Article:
Military veterans experience of NHS services, Lancashire and Blackpool

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Summary of report content

Healthwatch Lancashire and Healthwatch Blackpool identified a need to explore the issues faced by military veterans in accessing NHS services. Between September and December 2017 the two local Healthwatch endeavoured to engage with military veterans, their families and staff/volunteers who support veterans in a professional capacity. The findings show that the majority of military veterans are not registered as such with their GP, and a high percentage do not feel confident in their GPs ability to signpost them appropriately should they require military veteran specific services. An average of 13% of military veterans spoken to were accessing military veteran services, with a high percentage having never heard of or accessed the NHS service. Peer support groups such as the Veteran’s Breakfast Clubs appeared to be the most popular. The majority of military veterans and people who support military veterans reported that there are barriers for military veterans accessing health care, mainly due to a lack of awareness and understanding around military veterans, as well as cultural issues such as pride and stigma around appearing weak. The most commonly suggested ways to overcome these barriers include more training and education for professionals as well as more promotion of military veteran services. People spoken to also said that access to more information on these services would also help improve health care for military veterans. When the military veteran community were asked what kind of tool they think would encourage military veterans to register their status with the GP, the most common suggestion was to have a poster in the surgery’s reception. Despite minimal responses from GP surgeries regarding the work they already do to support their military veteran communities, there appears to be significant differences in their approaches, from full involvement with university research schemes to almost no additional support, training or guidance. The report contains a response from the Blackpool Teaching Hospitals NHS Foundation Trust outlining their approach to supporting military veterans and states that the Trust signed the Military Covenant on 30 January 2018 highlighting the commitment of the Trust. At the end of this report is a directory, included in the hope that those from the military veteran community who read the report will be able to explore a range of military veteran services in the North West.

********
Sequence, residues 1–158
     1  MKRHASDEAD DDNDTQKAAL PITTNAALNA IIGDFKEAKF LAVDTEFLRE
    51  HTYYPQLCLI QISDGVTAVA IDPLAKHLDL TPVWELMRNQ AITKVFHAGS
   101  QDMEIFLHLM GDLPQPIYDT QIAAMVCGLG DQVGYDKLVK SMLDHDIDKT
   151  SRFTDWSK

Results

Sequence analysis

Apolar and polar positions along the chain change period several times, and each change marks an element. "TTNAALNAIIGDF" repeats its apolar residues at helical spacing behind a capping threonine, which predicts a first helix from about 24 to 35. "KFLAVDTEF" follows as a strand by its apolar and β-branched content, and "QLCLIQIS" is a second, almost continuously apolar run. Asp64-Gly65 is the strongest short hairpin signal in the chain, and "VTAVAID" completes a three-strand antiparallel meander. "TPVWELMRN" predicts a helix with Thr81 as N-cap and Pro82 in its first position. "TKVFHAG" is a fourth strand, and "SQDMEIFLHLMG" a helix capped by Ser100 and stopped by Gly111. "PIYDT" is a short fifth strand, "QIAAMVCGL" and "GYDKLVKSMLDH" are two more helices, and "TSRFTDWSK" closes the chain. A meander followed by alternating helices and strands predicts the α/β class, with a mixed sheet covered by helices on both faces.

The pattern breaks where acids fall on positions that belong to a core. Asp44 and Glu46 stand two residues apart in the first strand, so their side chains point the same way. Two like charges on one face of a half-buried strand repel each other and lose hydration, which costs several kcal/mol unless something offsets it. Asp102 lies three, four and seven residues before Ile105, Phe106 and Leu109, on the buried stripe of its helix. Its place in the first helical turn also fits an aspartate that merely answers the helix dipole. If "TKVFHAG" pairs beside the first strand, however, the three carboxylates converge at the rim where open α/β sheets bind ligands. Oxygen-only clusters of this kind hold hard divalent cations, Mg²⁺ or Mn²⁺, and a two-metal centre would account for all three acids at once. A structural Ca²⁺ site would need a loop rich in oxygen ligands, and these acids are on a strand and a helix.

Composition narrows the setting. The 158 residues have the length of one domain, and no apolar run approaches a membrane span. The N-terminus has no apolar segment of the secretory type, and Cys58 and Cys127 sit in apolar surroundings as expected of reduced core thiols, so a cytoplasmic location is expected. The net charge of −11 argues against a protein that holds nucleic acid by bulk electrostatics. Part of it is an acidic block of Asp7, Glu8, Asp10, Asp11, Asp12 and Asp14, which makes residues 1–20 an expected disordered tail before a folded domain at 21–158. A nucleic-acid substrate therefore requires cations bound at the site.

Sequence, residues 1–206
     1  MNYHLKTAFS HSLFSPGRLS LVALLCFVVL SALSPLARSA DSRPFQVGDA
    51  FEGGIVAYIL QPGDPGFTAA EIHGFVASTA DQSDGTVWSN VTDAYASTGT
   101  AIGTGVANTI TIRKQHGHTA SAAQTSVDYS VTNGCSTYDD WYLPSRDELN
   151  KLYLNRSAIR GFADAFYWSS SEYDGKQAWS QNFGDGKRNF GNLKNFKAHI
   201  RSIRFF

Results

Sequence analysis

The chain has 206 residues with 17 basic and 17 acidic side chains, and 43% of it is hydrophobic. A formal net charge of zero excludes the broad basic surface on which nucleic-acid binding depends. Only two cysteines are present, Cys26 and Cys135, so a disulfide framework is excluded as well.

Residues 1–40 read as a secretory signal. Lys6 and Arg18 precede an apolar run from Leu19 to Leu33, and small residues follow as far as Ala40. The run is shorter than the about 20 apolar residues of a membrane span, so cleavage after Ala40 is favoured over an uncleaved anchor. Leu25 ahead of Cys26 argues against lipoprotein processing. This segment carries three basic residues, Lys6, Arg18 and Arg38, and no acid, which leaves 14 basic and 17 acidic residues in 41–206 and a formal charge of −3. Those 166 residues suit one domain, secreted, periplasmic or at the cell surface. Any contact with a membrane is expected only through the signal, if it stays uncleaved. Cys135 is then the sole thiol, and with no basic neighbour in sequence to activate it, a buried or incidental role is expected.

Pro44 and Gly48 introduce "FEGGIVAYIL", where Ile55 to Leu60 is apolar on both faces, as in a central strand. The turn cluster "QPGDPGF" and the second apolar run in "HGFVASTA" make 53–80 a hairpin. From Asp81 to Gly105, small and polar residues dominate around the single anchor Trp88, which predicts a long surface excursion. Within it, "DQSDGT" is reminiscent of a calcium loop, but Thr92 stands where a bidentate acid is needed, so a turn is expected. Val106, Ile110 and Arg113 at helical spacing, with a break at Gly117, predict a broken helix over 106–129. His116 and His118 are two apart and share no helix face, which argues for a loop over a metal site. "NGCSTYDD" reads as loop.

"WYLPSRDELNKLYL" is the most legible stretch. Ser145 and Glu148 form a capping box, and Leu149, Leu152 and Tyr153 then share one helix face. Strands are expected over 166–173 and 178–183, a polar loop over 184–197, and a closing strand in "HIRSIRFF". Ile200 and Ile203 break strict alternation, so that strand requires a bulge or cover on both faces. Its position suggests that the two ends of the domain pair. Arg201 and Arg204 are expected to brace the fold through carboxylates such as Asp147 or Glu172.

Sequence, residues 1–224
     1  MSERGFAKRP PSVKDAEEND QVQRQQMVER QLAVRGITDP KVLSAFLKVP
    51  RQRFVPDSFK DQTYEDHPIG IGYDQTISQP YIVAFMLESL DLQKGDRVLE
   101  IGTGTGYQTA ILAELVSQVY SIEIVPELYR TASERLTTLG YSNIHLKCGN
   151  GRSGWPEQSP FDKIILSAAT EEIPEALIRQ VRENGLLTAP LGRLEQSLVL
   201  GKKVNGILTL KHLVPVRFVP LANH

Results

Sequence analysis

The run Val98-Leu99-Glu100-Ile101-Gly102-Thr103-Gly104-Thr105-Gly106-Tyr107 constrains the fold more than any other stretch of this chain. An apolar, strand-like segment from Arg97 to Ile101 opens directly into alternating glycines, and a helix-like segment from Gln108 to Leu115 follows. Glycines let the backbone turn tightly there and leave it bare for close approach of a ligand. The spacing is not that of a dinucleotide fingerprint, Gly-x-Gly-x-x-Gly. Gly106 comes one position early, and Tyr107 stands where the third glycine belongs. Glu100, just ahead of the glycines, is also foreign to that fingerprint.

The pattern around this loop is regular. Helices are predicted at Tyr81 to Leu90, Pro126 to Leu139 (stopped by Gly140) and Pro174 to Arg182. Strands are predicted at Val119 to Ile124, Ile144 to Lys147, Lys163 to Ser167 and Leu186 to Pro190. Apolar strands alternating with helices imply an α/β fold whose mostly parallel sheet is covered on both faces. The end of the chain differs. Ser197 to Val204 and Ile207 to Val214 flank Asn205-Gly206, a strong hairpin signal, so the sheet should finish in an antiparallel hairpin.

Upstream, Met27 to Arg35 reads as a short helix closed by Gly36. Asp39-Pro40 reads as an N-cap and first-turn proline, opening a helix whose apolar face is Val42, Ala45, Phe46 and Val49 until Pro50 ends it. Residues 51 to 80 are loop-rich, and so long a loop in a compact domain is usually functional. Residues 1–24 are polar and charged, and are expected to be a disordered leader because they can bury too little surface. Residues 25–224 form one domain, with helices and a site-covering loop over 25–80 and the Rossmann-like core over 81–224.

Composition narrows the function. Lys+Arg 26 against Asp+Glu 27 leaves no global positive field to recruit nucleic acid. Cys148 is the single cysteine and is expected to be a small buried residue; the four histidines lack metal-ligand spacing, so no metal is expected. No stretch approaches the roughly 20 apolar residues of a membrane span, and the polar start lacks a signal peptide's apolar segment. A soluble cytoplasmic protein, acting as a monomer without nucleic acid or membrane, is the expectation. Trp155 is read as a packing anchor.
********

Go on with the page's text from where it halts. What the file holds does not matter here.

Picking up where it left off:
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General details

Report title 
Military veterans experience of NHS services, Lancashire and Blackpool
Local Healthwatch 
Healthwatch Blackpool
Healthwatch Lancashire
Date of publication 
Tuesday, 1 May, 2018
Date evidence capture began 
Friday, 1 September, 2017
Date evidence capture finished 
Sunday, 31 December, 2017
Type of report 
Key themes 
Booking appointments
Communication between staff and patients
Consent to care and treatment
Continuity of care
Health inequalities
Health promotion
Health protection
Holistic support
Information providing
Lifestyle and wellbeing
Patient records
Quality of care
Service delivery organisation and staffing
Staff attitudes
Staff training
Healthwatch reference number 

Methodology and approach

Was the work undertaken at the request of another organisation? 
What type of organisation requested the work 
Primary research method used 
Engagement event
Unstructured Interview
User stories
How was the information collected? 
If an Enter and View methodology was applied, was the visit announced or unannounced? 

Details of health and care services included in the report

Primary care services 
GP practice
Secondary care services 
Acute services with overnight beds
Counselling/improving access to psychological therapies (IAPT)
Mental health services 
Psychiatry / mental health (other services)

Details about conditions and diseases

Types of disabilities 
Not known
Types of long term conditions 
Not known
What type of pregnancy or maternity themes are included in the report 

Details of people who shared their views

Number of people who shared their views 
Age group 
All people 18 and over
Specific ethnicity if known 
English/Welsh/Scottish/Northern Irish/British
Sexual orientation 
Not known
Does the information include public's views? 
Not known
Does the information include carer's, friend's or relative's views? 
Does the information include staff's views? 
Types of health and care professionals engaged 
All care professionals
Allied health care professionals
Does the information include other people's views? 
Not known
What was the main sentiment of the people who shared their views? 

Outcomes and impact

Were recommendations made by local Healthwatch in the report? 
Does the information contain a response from a provider? 
Yes action has been taken or promised
Is there evidence of impact in the report? 
Is there evidence of impact external to the report? 
Not known
What type of impact was determined? 
Implied Impact
Tangible impact (not cost related)

Network Impact
Relationships that exist locally, regionally, nationally have benefited from the work undertaken in the report
Implied Impact
Where it is implied that change may occur in the future as a result of Healthwatch work. This can be implied in a provider  response, press release or other source. Implied impact can become tangible impact once change has occurred.
Tangible Impact
There is evidence of change that can be directly attributed to Healthwatch work undertaken in the report.